I am only 80 per cent. I still have to improve: Umesh Yadav
Published - Dec 27, 2016 8:34 am | Updated - Dec 27, 2016 8:34 am
India pace spearhead Umesh Yadav, one of the few Indian bowler with the ability to bowl 140 plus on regular basis, is not satisfied with his success so far. His dissatisfaction has nothing to do with the stats which look tad mediocre at first glance. With 15 wickets respectively in 9 Tests and 15 ODIs this year, many number-obsessed might call this year as a failure for him.
However, Yadav, to be fair had a pretty successful year as the fast bowling workhorse in the Indian team which mostly played on slow tracks this year. The exposure to various conditions has now opened up his mind and has made him think about adding more useful tricks of fast bowling.
“It was an interesting year. I played a lot Test matches and I was also part of the ODIs. All things taken into account, I think it was a great year for me.
“Yes, that is right. Success may have come only recently but I managed to achieve the control even in 2015. Having been exposed to different match situations, I have learnt from my mistakes. The maturity was there in 2015 also. My effort has been to coordinate my pace with line and length and it is all coming together. But I am not 100 per cent yet. I am only 80 per cent. I still have to improve 15-20 percent to be a complete fast bowler.”
He also said that his bowling is still a work in progress and that he want to keep improving.
‘You need variations, a good bouncer and a good yorker can be a deadly combination. I did try bowling yorkers and full-length balls in the Tests against England. Koshishs jaari hai. That will improve soon.”
Yadav also emphasised that clocking 145 on a regular basis doesn’t guarantee you success right away, especially in overseas conditions.
“Bowling fast cannot guarantee success. You may get pace-friendly wickets on Australia, England or South Africa but you can’t take wickets by sheer dint of pace. Even in helpful wickets, you need to have control in your length.”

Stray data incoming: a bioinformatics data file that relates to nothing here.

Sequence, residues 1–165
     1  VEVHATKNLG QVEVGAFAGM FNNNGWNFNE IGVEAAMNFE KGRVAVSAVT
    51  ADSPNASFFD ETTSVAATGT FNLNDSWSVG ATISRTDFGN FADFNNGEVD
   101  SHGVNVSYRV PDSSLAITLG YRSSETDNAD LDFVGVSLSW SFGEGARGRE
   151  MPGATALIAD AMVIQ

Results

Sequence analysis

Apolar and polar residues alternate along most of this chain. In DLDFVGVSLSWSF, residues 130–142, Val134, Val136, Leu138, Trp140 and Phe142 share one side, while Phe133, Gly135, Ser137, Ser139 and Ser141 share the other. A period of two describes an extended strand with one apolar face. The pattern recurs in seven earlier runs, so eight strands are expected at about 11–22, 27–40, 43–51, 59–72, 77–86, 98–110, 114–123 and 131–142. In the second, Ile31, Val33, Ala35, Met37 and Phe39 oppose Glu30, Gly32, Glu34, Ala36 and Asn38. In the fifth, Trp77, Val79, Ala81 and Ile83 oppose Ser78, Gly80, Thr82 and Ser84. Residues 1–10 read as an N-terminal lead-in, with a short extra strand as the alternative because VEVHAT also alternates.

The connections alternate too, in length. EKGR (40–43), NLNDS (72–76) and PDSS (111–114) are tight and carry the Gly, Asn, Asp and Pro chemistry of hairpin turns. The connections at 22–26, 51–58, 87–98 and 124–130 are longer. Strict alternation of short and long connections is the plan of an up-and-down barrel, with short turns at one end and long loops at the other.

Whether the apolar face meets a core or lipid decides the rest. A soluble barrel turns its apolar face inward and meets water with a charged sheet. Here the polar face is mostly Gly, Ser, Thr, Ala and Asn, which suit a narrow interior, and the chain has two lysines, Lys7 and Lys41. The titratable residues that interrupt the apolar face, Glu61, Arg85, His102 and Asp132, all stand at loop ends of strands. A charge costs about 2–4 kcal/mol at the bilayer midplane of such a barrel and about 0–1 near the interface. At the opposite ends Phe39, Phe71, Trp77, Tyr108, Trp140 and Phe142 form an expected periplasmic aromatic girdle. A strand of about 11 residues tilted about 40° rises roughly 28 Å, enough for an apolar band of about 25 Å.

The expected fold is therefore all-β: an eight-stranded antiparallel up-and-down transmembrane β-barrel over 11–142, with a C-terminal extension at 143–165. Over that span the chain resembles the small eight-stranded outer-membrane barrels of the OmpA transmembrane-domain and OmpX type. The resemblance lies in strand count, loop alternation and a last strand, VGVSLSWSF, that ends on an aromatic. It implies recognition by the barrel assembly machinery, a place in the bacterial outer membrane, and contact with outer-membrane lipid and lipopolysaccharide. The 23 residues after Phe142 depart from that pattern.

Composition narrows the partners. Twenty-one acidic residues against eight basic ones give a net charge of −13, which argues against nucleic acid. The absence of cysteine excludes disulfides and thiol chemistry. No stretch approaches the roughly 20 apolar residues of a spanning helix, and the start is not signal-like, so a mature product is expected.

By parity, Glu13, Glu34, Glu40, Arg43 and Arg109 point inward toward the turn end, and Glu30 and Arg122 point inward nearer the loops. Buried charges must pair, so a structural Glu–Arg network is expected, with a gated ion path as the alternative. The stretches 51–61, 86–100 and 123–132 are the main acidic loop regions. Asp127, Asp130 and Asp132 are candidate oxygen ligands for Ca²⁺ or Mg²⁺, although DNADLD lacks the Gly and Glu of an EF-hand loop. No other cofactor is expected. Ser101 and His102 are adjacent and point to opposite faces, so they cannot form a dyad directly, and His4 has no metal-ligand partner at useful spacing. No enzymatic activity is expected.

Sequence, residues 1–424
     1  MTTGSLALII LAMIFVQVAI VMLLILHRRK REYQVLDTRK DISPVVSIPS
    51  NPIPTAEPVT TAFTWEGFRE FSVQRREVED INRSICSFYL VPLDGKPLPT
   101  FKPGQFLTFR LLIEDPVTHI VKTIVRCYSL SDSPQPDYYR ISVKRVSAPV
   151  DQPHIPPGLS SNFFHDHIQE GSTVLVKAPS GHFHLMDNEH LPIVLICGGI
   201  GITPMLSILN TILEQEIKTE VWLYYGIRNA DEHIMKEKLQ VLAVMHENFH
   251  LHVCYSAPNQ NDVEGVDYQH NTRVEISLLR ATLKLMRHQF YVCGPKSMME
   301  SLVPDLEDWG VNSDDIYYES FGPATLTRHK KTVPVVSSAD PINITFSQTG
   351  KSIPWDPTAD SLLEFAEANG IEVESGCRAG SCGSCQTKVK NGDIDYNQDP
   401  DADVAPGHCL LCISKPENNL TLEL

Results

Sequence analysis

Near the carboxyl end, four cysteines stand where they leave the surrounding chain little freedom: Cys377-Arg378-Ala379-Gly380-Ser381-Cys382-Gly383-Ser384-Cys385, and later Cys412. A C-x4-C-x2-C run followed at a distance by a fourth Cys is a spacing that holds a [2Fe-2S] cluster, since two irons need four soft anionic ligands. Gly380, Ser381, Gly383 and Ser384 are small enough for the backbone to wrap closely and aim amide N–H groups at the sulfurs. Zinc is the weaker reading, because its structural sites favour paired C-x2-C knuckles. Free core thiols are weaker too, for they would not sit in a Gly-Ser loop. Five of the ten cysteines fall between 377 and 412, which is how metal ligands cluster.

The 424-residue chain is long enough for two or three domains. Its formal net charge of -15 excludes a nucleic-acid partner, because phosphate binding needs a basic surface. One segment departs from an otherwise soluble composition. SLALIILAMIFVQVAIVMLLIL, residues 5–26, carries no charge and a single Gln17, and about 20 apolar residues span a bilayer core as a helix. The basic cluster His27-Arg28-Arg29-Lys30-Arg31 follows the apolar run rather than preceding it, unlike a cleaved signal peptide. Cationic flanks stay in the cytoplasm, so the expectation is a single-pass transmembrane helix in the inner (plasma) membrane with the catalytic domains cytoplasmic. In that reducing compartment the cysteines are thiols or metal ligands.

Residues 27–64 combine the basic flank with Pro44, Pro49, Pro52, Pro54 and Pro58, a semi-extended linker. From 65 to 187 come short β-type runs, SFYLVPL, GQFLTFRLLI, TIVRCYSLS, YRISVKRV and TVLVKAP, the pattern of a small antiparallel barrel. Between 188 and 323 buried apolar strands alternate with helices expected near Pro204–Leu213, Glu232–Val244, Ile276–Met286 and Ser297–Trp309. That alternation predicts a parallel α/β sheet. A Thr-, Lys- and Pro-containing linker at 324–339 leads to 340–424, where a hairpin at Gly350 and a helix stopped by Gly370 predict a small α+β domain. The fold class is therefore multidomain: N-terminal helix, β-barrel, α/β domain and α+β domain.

“We must not get carried away by the nature of the wicket. It should be like ‘the more the help from the wicket, the more the focus on control’. There is a danger of being over excited at the assistance from the wicket but the excitement has to be curbed.”
Fitness issues have marred the India selection policies. Keeping the batsmen aside, the fast bowling department has seen both of Yadav’s bowling partner Ishant Shami and Mohammad Shami miss a lot of cricketing action due to injuries. However, Yadav somehow has managed to keep himself safe from such disruptions.
“It is all linked to the recovery process, diet and preparation. I had done robust preparation knowing well that it would be a long season. To play five Tests, I knew how much I should prepare and how much recovery time was needed. The family support is very important in this. My family took care of my needs, from arranging proper diet to helping in the training sessions. Post-match recovery is very important and my family was very helpful on this.”
Lastly, when asked to pick one of his most memorable spells of 2016. Yadav states that there wasn’t any specific spell he remembers but would like to rate his bowling during the entire India-England series as highly memorable.
“The whole Test series against England was quite memorable and enjoyable. It was actually the best of 2016 from a personal point of view. The way I kept running in, the way I gave the team crucial breakthroughs and the way I bowled, the whole series was very memorable for me. If you want to me to still further crunch my selection, I enjoyed taking the wickets of Jonny Bairstow (vs England), Martin Guptill (vs New Zealand), and also the catch of Guptill (off the bowling of Hardik Pandya in an ODI vs New Zealand).